Bigger is Sometimes Better
Common Ground: Art in New Mexico at the Albuquerque Museum
By Steven Robert Allen
Pity the permanent collection. Locked away for most of its sad life in a dark, lonely temperature- and humidity-controlled vault, it only rarely gets to feel the warmth of artificial light on its fragile skin.
Thankfully, living conditions for the Albuquerque Museum's permanent collection recently got a whole lot better. Previously, the museum only had the space to exhibit selections from its extensive art collection a few times per year. The museum's recent $8.6 million expansion, however, is well on its way to completion, and it's already given administrators a lot more room to maneuver.
One of the things the museum has already done is transform its old rotating exhibit space into a permanent exhibit made up entirely of work from the its permanent art collection. The show, called Common Ground, charts the development of art in New Mexico from the Territorial Period through the present. Some of these pieces have never been viewed by the public.
The exhibit is meant to correspond with the museum's other major permanent exhibit—Four Centuries: The History of Albuquerque. Like that exhibit, Common Ground doesn't necessarily delve into its subject in any great depth, but it's still a worthwhile survey of recent New Mexican art history.
You can see, for example, how the landscape realism of the Territorial Period (1846-1912) gave way to the more lush, romanticized renderings epitomized by the Taos Society of Artists (1915-27). During this period, Anglo artists became less interested in merely recording the strange, exotic surroundings they found in New Mexico, and more interested in celebrating and exploring this exoticism.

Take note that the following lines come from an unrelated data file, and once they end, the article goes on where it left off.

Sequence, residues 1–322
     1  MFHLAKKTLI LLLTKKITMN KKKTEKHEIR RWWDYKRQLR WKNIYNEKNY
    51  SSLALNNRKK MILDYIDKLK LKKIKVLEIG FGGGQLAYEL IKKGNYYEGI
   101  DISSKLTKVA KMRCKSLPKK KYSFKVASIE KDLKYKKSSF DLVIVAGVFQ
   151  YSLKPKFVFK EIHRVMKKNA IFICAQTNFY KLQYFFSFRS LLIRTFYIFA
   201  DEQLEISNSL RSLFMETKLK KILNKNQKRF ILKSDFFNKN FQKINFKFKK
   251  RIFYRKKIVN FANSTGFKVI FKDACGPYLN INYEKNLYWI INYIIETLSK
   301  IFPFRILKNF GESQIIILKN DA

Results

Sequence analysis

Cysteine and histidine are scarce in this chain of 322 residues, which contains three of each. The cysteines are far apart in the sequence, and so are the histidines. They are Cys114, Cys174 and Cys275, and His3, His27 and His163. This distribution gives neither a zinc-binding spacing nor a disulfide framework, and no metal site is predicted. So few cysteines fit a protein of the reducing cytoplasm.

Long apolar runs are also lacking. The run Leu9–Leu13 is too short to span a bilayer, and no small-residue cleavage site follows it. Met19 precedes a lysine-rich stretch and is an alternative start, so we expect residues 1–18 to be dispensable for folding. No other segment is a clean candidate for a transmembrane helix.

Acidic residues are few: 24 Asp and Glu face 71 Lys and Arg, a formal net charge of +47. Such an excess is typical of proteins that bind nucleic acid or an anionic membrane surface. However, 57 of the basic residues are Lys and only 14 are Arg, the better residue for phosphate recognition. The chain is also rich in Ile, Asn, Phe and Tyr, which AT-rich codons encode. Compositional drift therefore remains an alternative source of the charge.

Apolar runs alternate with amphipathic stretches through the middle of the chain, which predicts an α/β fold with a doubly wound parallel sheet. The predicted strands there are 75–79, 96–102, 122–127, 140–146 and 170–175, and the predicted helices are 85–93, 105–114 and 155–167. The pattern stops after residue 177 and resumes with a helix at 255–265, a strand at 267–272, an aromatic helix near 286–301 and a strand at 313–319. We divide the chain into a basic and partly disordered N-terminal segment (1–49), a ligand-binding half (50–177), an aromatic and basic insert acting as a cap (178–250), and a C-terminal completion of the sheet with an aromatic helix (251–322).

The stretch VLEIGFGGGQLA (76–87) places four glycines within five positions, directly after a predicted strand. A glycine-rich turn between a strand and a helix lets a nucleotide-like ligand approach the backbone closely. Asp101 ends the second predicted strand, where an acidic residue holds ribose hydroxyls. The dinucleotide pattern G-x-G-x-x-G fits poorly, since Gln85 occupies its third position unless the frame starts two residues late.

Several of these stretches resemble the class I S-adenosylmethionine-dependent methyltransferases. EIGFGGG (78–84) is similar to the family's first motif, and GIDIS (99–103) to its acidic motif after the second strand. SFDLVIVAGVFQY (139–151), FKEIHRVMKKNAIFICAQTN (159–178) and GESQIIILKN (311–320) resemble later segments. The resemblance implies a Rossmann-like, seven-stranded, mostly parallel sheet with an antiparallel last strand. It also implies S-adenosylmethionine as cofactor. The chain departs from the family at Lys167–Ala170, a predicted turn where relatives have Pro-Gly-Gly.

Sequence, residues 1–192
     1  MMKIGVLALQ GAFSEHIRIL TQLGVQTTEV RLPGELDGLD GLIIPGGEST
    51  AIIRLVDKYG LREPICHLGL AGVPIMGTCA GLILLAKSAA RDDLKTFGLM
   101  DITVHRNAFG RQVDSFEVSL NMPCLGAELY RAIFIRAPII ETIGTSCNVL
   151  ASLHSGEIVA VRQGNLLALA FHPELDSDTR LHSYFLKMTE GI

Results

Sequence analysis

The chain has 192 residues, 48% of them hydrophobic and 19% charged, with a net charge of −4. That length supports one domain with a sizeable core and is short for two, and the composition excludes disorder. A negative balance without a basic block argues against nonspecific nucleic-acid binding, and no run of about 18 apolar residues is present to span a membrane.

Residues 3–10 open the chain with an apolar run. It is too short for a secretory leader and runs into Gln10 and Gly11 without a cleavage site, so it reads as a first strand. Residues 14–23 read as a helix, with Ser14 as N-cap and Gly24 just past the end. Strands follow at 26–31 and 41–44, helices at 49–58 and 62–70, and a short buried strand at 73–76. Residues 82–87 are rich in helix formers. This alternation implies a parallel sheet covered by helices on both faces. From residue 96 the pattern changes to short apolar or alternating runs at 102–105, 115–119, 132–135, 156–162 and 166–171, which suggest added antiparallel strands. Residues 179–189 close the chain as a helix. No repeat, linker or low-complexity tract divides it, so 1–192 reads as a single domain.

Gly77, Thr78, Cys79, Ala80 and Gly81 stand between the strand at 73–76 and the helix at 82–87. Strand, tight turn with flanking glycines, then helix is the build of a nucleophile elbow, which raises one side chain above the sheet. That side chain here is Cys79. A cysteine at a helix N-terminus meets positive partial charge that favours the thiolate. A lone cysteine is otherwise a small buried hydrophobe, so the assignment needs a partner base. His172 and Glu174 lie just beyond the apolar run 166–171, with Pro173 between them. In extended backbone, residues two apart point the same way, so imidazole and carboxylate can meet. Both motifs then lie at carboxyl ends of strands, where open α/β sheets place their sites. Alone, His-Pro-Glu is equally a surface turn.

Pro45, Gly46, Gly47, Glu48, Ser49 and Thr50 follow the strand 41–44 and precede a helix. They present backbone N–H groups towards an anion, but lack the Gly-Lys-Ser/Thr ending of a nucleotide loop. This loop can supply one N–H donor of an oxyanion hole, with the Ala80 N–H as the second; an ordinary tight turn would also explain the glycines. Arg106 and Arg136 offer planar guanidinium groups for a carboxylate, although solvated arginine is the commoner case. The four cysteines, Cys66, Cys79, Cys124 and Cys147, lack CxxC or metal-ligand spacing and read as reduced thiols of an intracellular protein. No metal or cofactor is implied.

One of their biggest obsessions, of course, was the Pueblo Indians. Oscar Berninghaus' "Pueblo Woman of Taos," the now infamous painting that was stolen back in 1989 from the museum and recovered just a couple years ago, is a prime example. Berninghaus, one of the founders of the Taos Society, captures a young Taos Pueblo woman in the most idyllic romantic setting imaginable.
The late teens brought the first inklings of modernism to New Mexico as revolutionary hot shots like John Marin, Raymond Jonson and Georgia O'Keeffe began making their way to New Mexico seeking an environment far outside the mainstream art world to develop new ideas about what contemporary art can and should accomplish. That transfusion of creativity from outside the region eventually blossomed into the vibrant experimental contemporary art scene we enjoy today.
The contemporary section of the show exhibits several of the current big names: Patrick Nagatani, Thomas Barrow, Frederick Hammersley and the like. This modern portion will rotate every year or so to bring in different pieces by other contemporary artists in the museum's collection.
I wish the show were longer and deeper. More Hispanic and Native American artists would certainly be nice. The exhibit never attempts to show how native artistic traditions became integrated into the overall story of artistic development in New Mexico. That's a shame.
For what it is, though, Common Ground is well worth experiencing. Also, don't leave the museum before you check out the giant new space for rotating exhibits. Currently, there's an amazing show of large-scale work by Albuquerque artists that's in some ways even more enjoyable than Common Ground. Don't miss it. The new wing's first official show will be El Alma de España, the first of three planned exhibits of Spanish art. It opens in April.
Common Ground: Art in New Mexico is a permanent exhibit at the Albuquerque Museum (2000 Mountain Road NW). 243-7255.
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